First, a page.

Vilnius University, Toxicology Centre in Clinic of Anaesthesiology and Intensive Care, Vilnius, Lithuania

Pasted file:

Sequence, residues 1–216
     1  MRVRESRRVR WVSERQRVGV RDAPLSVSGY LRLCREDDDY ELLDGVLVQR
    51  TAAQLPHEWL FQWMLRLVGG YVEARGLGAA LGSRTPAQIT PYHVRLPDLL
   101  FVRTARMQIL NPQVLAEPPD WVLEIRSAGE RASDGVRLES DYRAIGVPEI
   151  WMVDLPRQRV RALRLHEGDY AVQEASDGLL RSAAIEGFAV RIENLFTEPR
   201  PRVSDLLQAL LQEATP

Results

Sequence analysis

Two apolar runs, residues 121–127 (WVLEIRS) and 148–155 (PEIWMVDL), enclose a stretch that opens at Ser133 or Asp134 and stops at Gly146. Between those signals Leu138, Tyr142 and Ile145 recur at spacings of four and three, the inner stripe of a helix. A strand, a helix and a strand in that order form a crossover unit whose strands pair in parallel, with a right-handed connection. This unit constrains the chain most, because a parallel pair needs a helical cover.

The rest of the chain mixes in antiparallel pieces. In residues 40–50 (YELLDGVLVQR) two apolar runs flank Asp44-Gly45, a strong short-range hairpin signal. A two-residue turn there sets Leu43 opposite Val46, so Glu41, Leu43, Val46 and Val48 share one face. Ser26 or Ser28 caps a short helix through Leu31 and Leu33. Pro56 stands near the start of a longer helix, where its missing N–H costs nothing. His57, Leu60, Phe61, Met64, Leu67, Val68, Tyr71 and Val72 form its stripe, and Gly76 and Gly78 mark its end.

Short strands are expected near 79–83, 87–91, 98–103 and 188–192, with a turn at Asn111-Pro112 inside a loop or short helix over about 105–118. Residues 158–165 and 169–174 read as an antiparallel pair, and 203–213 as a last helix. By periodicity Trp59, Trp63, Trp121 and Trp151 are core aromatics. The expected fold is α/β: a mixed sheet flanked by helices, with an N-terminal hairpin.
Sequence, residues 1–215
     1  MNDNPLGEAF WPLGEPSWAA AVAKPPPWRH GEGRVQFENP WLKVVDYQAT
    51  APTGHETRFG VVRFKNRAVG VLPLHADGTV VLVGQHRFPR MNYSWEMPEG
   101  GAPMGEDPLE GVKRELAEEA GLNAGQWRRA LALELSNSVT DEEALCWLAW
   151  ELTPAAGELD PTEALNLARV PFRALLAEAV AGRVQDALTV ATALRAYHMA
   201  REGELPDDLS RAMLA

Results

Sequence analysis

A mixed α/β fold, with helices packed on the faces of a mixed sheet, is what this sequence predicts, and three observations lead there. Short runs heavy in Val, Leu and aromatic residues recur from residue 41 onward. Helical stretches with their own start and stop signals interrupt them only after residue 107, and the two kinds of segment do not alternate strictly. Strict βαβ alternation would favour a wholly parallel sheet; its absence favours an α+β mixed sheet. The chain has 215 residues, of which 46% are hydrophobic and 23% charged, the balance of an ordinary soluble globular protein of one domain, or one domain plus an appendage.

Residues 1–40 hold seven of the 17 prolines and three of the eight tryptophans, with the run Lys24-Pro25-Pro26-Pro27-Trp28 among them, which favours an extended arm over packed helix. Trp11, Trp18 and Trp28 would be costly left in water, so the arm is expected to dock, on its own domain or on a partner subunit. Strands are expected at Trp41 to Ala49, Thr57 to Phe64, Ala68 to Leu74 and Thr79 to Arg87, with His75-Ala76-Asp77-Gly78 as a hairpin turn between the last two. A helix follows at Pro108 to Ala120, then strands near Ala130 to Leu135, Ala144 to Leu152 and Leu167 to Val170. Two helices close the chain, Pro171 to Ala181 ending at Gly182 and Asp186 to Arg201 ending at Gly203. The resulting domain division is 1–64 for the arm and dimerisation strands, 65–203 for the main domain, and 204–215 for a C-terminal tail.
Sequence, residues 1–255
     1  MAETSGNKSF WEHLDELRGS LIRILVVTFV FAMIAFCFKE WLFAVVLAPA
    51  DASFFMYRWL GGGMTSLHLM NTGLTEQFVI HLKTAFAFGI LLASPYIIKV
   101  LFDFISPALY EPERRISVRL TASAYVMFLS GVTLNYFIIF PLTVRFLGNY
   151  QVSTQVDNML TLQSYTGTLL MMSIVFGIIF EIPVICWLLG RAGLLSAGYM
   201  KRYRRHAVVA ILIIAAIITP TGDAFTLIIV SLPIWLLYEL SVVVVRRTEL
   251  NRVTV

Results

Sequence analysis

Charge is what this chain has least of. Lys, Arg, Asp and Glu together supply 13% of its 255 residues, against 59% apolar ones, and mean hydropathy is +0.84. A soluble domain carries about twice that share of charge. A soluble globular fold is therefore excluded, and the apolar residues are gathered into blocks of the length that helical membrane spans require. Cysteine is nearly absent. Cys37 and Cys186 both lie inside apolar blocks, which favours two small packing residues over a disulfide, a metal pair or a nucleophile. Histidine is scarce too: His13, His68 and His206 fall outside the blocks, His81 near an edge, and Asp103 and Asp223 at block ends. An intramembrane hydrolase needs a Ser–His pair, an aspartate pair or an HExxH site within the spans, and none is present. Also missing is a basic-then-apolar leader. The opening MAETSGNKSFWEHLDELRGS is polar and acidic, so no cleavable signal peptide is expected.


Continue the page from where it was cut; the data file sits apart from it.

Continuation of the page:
Recent changes in some countries in marijuana legalising for medical or recreational use mean that cannabis is obtaining growing importance for all society and public health. Despite warnings about health risks, many people see cannabis as a harmless substance that, unlike alcohol or tobacco, might even be good for your physical and mental health. There is scientific evidence that regular use of the cannabis increases the dose-related risk of developing psychotic episode, schizophrenia, depression and anxiety. However, does cannabis cause these illness or do these people just use it as a self-medication? Over the past decade research has confirmed the link between cannabis use in adolescents and later mental health problems in patients with a genetic vulnerability – not everyone who uses cannabis in young age develops a psychotic illness. Recent research has proved that people who use marijuana and carry a specific variant of the particular gene, which affects dopamine pathways, are at increased risk of developing psychosis. The amount of the main psychoactive ingredient Δ-9-tetrahydrocannabinol varies from 1% in naturally growing plants up to 20% in newer indoor growing strains. Another important cannabinoid – cannabidiol (up to 4%) counteracts the anxiety caused by THC. Most of the cannabis produced in Europe is cultivated indoors and may have a high THC concentration, but contains very low levels (≤0.1%) of CBD. It might be the reason why cannabis in the past was not thought to be addictive, but recent data suggests that it can be, especially if used regularly. Some researches suggest that cannabis use is likely to precede the use of other psychoactive substances.